Amid Jose Mourinho's extraordinary fulmination on Saturday evening following the defeat to Southampton, the Chelsea manager said something inarguably true. At the height of his vexation, he said that if the club chose to dispense of his services, they would be getting rid of the greatest manager Chelsea has ever had. That is right. He also stated, in refreshingly explicit terms, that when results go awry, it is always the manager who ultimately pays the price. That is also right.
While it may be easy to lambaste Mourinho for once again accusing the referee of being afraid to give Chelsea penalties before refusing to comment on his own side's recklessness, the coach was taking responsibility for a period which has dramatically spiralled into the darkest of his illustrious career. However, that's where Mourinho differs from his players.
The champions are yet to exhibit any of the gravitas or fighting spirit that allowed them to canter to a fourth Premier League title in May and the players must shoulder a large portion of the blame for a string of meek performances that have left the defence of their title in tatters less than two months into the season.
Watching Chelsea on Saturday evening was almost hard to believe. Look back at the various squads during Roman Abramovich's time as owner and how often can you see Southampton overturning Chelsea's lead to walk away with three points? It certainly wouldn't have happened in 2005 and it is difficult to imagine such a capitulation occurring under the raised eyebrow of Carlo Ancelotti.
And where has the spirit of 2012 gone, when Chelsea managed to defy all odds - Barcelona and Bayern Munich included - to become champions of Europe? It's astounding to think it's only three years later.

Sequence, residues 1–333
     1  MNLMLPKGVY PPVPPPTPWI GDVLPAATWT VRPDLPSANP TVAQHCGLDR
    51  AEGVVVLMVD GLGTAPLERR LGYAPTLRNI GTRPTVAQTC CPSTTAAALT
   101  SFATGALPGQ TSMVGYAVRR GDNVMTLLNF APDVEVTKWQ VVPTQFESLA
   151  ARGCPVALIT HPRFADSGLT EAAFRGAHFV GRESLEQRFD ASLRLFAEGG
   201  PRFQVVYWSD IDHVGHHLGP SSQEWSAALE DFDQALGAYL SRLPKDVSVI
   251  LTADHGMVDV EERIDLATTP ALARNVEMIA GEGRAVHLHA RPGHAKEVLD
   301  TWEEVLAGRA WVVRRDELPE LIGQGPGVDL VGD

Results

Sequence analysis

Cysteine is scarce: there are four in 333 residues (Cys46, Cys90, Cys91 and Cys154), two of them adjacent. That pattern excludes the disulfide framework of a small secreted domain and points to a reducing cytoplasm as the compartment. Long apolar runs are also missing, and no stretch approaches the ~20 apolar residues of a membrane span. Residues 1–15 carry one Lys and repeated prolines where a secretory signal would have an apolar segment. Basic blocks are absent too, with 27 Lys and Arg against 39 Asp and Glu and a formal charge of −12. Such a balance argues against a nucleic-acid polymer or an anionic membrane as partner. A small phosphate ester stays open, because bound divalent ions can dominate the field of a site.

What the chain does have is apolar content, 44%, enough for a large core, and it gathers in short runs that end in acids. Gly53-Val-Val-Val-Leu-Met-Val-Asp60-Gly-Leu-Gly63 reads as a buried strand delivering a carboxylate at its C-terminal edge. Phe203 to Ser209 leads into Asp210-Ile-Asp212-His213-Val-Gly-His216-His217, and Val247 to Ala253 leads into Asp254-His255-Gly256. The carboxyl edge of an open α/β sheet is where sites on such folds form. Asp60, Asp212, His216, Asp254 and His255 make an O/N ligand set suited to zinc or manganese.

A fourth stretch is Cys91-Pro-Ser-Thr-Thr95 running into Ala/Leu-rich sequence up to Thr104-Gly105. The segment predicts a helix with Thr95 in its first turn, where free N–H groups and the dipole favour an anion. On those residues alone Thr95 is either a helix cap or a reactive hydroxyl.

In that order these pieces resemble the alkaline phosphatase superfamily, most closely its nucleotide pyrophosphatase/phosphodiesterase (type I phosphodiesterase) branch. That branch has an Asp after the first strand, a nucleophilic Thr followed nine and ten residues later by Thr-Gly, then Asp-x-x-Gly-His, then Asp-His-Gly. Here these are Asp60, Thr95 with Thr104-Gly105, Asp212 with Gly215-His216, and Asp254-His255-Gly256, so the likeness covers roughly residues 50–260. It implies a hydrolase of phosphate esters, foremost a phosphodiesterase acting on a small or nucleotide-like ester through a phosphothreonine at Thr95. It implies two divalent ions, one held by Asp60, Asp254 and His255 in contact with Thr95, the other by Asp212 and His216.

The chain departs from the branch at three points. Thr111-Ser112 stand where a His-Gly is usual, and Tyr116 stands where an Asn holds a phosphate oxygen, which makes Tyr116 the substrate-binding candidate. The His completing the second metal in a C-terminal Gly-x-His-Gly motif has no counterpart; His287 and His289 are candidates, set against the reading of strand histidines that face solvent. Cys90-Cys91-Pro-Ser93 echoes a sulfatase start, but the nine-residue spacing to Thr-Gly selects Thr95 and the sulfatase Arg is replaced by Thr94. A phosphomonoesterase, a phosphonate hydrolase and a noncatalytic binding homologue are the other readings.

A defence of Branislav Ivanovic, John Terry, Gary Cahill and Cesar Azpilicueta were run ragged by the hard-pressing trident of Dusan Tadic, Graziano Pelle and, in particular, Sadio Mane. Cahill and Terry are a defensive partnership with over 1000 career games between them, yet they looked utterly lost and bereft of ideas as the Saints tide rose unstoppably in the second half.
Both Terry and Cahill, seasoned England internationals, were at fault for Mane's goal that made it 2-1. Cahill's heavy touch allowed Tadic to nick possession, feeding Pelle and when the Italian striker prodded the ball forward. It looked like a bread and butter interception for Terry, only to be rolled by Mane and left on a heap as the forward slid the ball under Asmir Begovic.
And let's talk about Ivanovic. The Serbian full-back has looked like a shadow of his formerly beastly self, illustrated in a kamikaze moment of defending during the Southampton game when his horribly miscued attempt at a clearance left Nemanja Matic struggling. The Serbian then rushed out to dispossess Tadic, only to be effortlessly turned. Simply, that would not have happened to the Ivanovic of last year, who was consistently the most efficient and effective right-back in the country.
It's not like Mourinho has forgotten how to manage a football team. The fact that Matic was withdrawn less than half an hour after coming on clearly illustrates that the players are failing to carry out the coach's instructions. In the first-half, Southampton's midfielders were able to find the advanced players with alarming regularity so introducing Matic seemed like a natural solution to add a protective barrier to the defence. However, the Sebian wilted and when he was subbed off, it portrayed a sense that Mourinho's patience is wearing dangerously thin with his under-performing team.
Following the ignominy of the latest defeat, Chelsea made the unusual step of publicly backing their under-fire manager, breaking the traditional wall of silence erected between Abramovich and the fans.
It was actually quite pleasing to see an owner known for his unapologetically ruthless style in sacking managers clarify his position and support a man clearly growing weary of the extreme pressure he endures on a daily basis. After receiving that vote of confidence, Mourinho knows that he must turn this around before he finds himself departing a club he loves so dearly for a second time.
Terry came out in support of Mourinho, saying: "We have a big group of players in that dressing room and we need to stand up, which we will do."
Mourinho finds himself in perhaps his most testing time as a manager, but, more than ever, he needs his players to show exactly why they are champions and stop hiding from the cataclysmic disaster that is their current campaign.
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